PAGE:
STA Weekly Report – Avoiding Home Bias Through Emerging Market Exposure
Written by Luke Patterson | Wednesday, May 15th, 2019
INSIDE THIS EDITION: Avoiding Home Bias Through Emerging Market Exposure STA Money Hour – Investing 101 with Kids Portfolio Stress Test 401k Plan Manager
Most investors in public stocks have heard of emerging markets and the issues they can experience from time – out of control sovereign debt, currency fluctuations, out of control inflation, and political turmoil.
Just look at the chart below. While it plots the U.S. Dollar Index, it also shows the many times since the 1960’s that emerging market economies have experienced crisis.
It is no wonder why so many investors are inclined to shun emerging market investments. Not only are they often associated with crisis, but they also tend to feel unfamiliar compared to investments domiciled in the United States. This leads to investors having a home-country bias in their portfolios, which we would argue is a dangerous proposition from two points of view – diversification and future expected return.
There are approximately 24 countries that are classified as
emerging markets. They cover the spectrum in terms of geographic location and
size. However, the majority of these markets are gradually transitioning from
an agrarian economic base to one dominated by manufacturing. The shift has big
implications across all markets, but none is greater than the emergence of a
middle class in these countries.
As the middle class grows, it typically means higher wages
and more consumption in the emerging world. The chart below shows the impact of
the growing middle class on consumption in a select number of developed and
emerging markets. The standouts are India and China which by 2020 are forecast
to see consumption by the middle class grow considerably.
There is also a growing need for services in emerging
markets that will help sustain economic growth and increasing levels of
prosperity. From an investors point of view, this is a good thing as it
provides fertile ground for finding investment opportunities across sectors,
allowing for better diversification.
The U.S. makes up a relatively small percentage of the
world’s economy. As a result, ignoring international and emerging markets
eliminates a large swath of the available opportunity set and keeps investors
from capitalizing on nearly 75% of the world’s economic output.
With a wider opportunity set and higher expected returns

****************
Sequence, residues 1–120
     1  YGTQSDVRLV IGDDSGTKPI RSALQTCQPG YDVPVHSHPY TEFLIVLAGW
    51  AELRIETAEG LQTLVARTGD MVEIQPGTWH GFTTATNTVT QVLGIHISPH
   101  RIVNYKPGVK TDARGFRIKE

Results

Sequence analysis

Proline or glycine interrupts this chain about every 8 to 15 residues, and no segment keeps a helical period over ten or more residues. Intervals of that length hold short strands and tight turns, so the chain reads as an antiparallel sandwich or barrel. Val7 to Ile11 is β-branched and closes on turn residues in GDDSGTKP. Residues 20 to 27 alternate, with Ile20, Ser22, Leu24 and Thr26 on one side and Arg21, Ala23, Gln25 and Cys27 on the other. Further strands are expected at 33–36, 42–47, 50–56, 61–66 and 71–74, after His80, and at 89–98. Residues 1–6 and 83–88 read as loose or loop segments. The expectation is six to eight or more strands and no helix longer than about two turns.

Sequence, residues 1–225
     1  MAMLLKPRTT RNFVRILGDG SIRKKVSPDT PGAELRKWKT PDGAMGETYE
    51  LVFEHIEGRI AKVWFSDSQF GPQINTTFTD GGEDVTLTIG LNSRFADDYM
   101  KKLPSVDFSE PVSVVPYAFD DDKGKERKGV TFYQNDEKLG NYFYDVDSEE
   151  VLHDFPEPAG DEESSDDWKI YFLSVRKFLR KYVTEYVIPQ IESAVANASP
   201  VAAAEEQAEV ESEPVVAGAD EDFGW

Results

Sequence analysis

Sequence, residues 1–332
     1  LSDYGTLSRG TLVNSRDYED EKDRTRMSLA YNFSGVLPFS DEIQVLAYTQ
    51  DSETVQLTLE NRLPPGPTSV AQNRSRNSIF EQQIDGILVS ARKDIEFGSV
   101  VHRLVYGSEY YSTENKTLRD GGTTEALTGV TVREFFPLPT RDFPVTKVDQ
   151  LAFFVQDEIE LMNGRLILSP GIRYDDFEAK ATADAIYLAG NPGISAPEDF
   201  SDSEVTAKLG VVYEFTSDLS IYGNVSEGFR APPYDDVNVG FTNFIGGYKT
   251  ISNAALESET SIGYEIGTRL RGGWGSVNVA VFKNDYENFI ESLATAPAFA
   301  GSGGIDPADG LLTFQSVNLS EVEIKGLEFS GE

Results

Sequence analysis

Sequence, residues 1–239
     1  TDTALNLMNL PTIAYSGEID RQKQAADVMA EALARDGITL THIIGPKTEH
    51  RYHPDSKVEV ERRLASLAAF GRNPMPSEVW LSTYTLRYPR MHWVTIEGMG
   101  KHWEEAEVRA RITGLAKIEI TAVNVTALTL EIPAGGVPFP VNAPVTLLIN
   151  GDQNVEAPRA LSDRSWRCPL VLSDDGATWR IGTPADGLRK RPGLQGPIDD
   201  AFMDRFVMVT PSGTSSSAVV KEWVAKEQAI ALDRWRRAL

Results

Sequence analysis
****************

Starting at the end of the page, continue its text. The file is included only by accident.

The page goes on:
going forward, investors would be wise to maintain an exposure to emerging
markets. However, because these economies are in various stages of their growth
and development they each present their own set of risks. It is why to be
invested in emerging markets requires sound risk management and discipline that
allows for volatility within a range, but not allow a position to decline so
much within a portfolio that it is hard to recover from.
China as a case study
China is the biggest and best example of the impact that
economic transitions can make. The Chinese economy over the last decade has
seen a boom in the service sector, migration toward cities and the increase of
economic mobility. Of course, economic and political reforms have played a
role, but the natural demand for services and new ways of doing business have
intensified the rate of change and the overall access to investments in this
Investors have as a result enjoyed solid investment results
for the better part of two decades. However, to get those results, they have at
times had to accept higher levels of volatility.
While not every emerging market will have the
same return profile as China has had, it does serve up a useful reminder:
Emerging markets can perform well over time but over periods can experience
high levels of volatility. For investors, it is thus very important to keep in
mind that accepting higher volatility is oftentimes the price you pay for that
higher return profile.
Andrei Costas, Senior
Investment Analyst (Equity Strategies)
Nan Lu, Senior Investment
Analyst (Fixed Income Strategies)
Investing 101 with Kids Friday, May 10th, 2019
Luke Patterson hosts a very special STA Money Hour, as we welcomed guest hosts Jacob (age 10) and Jackson (age 7) to talk about the basics of a good financial plan. Luke Patterson chatted with the boys about starting to save, and the earlier the better. Luke explained the power of compounding interest and having goals when it comes to your money.
STA Wealth Management – Portfolio Stress Test By Scott Bishop, MBA, CPA/PFS, CFP® Executive VP of Financial Planning
Although the markets have had a nice run since bottoming in March of 2009 (after the 2008 Global Crisis – see chart below), many are feeling that they are due for a correction based on time, valuations, “headline” risks, etc.
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